Afternoon Tea at The Bakehouse


By Helen Martin, privileged guest

Last Thursday saw the gastronomic highlight of the Easter Term; Afternoon Tea in the Bakehouse. Organised by 6.1 Food Enrichment students Lola, Charlotte, Nancy, Sam, Tiger, Lilly, Fleur and Isi, the event was the culmination of two term’s hard work.  Under the guidance of ODW teacher and culinary whizz, Feline, students rose to the challenge of not just feeding 20 members of staff and parents, but making us feel welcome and thoroughly spoiled too.

DYWk3X0X0AIIQHNThe menu included miniature quiches, meringues, scones with rhubarb compote, chocolate orange truffles, cucumber sandwiches, vegan cardamom cookies, chocolate eclairs and Portuguese custard tarts. Furnished with starched linen tablecloths, bunches of spring flowers and platters of exquisite homemade food, the Bakehouse looked more like the Hampshire outpost of a chic members club than a classroom.

A huge amount of work had obviously gone into the event, but it was a relaxed, happy occasion. Creative, heartfelt and unashamedly Bedalian. As Lola says, “You wouldn’t be able to do this at any other school.”

“People were amazed that we were able to come up with it all in such a short time, with so few of us,” continues Fleur. “The sun was shining and everyone was so thankful for the food, it felt like spring was finally here.”

DYWk3XzWAAAWc-TLola, who admits she wasn’t even able to cook before taking the course, says that Food Enrichment hasn’t just been about food: “It was great to cook together; we all worked really well as a group. We learnt about organisation and how to stay calm in the kitchen.”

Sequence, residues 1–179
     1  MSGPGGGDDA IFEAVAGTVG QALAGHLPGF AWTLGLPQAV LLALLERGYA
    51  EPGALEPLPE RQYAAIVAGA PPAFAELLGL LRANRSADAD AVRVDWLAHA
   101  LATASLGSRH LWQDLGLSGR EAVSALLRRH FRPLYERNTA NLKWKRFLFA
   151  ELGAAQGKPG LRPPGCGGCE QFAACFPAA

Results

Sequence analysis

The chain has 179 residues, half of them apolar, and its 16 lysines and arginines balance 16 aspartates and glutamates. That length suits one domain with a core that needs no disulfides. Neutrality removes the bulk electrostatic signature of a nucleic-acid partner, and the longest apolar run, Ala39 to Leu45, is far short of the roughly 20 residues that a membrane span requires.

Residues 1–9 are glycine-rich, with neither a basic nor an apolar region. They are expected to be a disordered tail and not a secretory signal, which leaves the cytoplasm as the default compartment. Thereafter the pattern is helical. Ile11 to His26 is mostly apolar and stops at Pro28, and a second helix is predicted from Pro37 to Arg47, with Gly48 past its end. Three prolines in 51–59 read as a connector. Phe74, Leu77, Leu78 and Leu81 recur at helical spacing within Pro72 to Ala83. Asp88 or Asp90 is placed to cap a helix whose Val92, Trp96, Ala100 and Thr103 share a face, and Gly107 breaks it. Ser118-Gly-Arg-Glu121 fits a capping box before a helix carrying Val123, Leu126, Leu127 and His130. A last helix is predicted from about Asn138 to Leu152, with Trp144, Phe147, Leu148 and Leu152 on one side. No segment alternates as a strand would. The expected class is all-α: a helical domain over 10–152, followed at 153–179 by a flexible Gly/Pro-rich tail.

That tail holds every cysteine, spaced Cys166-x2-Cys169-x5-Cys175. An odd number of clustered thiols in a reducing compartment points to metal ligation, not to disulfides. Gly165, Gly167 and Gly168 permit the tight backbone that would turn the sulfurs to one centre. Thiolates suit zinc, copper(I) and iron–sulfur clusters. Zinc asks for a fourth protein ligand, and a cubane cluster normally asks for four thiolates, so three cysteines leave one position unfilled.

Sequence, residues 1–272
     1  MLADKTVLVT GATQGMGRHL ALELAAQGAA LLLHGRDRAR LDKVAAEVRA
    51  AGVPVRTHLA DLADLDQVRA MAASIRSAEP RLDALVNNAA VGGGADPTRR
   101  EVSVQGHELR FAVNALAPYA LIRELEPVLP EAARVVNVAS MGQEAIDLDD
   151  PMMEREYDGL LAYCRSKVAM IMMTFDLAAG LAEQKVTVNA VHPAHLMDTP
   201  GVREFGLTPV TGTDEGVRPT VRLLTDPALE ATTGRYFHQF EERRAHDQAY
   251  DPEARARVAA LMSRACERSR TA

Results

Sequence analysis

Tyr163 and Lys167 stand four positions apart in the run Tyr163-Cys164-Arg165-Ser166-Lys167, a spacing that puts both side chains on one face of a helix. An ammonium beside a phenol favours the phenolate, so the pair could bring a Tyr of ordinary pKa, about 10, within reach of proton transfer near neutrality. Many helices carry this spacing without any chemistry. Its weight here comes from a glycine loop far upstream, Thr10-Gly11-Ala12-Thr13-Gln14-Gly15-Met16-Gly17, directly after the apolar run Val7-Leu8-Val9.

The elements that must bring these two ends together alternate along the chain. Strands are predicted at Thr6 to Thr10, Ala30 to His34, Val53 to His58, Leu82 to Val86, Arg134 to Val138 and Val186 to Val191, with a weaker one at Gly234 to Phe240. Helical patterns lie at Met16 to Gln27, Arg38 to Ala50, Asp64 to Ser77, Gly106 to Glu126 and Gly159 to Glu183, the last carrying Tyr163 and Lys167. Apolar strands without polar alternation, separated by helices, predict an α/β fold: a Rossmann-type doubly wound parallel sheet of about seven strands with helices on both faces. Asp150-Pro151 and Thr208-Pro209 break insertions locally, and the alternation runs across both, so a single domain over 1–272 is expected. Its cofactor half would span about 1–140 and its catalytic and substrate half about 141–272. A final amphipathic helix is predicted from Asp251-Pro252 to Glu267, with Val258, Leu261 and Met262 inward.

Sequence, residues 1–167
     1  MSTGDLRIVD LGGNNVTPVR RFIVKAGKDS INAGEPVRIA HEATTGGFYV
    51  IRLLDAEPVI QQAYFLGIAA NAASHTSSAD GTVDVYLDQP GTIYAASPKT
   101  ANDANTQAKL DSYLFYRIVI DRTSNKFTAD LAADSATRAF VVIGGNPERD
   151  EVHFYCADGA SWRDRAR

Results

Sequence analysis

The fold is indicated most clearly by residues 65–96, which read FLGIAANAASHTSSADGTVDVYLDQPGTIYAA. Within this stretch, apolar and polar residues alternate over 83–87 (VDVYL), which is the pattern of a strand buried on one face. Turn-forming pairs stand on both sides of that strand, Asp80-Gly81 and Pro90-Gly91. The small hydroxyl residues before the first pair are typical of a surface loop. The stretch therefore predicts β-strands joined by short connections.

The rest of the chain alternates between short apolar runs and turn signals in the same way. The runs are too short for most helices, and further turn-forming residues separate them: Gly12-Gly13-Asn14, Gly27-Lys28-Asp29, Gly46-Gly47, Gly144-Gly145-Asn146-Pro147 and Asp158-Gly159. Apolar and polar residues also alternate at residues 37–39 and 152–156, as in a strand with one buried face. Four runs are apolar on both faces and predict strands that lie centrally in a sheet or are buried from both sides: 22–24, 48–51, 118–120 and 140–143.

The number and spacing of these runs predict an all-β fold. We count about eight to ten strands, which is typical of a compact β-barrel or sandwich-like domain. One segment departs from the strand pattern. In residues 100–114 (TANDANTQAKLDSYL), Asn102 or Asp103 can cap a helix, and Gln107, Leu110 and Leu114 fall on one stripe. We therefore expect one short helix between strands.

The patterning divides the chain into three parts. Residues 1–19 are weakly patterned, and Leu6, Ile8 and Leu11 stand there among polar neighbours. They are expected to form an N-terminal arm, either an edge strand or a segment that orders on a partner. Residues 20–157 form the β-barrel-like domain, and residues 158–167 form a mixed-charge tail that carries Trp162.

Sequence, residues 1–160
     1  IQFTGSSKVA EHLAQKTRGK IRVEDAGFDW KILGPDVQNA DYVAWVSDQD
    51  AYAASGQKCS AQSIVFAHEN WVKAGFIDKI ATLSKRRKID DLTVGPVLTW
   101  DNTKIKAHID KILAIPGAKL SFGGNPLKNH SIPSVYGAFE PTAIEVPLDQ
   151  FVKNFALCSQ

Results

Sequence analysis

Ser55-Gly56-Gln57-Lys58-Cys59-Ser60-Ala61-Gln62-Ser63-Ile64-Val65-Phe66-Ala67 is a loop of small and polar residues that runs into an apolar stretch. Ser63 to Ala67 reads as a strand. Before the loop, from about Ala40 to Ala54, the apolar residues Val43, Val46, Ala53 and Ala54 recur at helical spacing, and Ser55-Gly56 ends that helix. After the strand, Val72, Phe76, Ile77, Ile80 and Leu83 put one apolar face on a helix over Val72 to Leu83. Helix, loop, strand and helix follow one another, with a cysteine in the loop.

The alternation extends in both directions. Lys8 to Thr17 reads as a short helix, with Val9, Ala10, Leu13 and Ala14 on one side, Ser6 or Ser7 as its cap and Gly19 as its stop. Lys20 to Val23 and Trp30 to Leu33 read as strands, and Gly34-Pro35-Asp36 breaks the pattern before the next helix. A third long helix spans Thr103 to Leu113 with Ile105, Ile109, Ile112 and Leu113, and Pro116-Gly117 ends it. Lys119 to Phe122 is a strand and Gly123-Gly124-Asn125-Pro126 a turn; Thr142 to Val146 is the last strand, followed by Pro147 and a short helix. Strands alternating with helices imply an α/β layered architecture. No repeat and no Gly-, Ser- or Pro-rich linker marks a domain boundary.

“It was enjoyable, fun and friendly,” adds Fleur, “I got to work with people I wouldn’t usually hang out with. We learnt that cooking the food can be just as enjoyable as eating it.”

So what’s the secret to a successful afternoon tea? “Practise, organisation… and Feline!” says Lola. “We’re very lucky to have her.”


BAC students learn stewardship skills to improve Bedales working farm

By Andrew Martin, Head of Outdoor Work

As the Block 5 students near the completion of their BAC projects I thought now would be a good time to share some of the fantastic, challenging work they’ve been up to.

This time last year students were busy discussing possible projects and forming groups based upon shared interests, rather than friendships. Encouraging students to work in such groups enables them to develop important life skills, such as teamwork, listening, tolerance and resilience. Students are judged on their journal, the outcome itself, and, most importantly, their approach and attitude towards their work. The common thread running through all the projects is that each must give something back to Outdoor Work or to the community and estate: a form of stewardship where they learn about the importance of looking after the land for the next generation.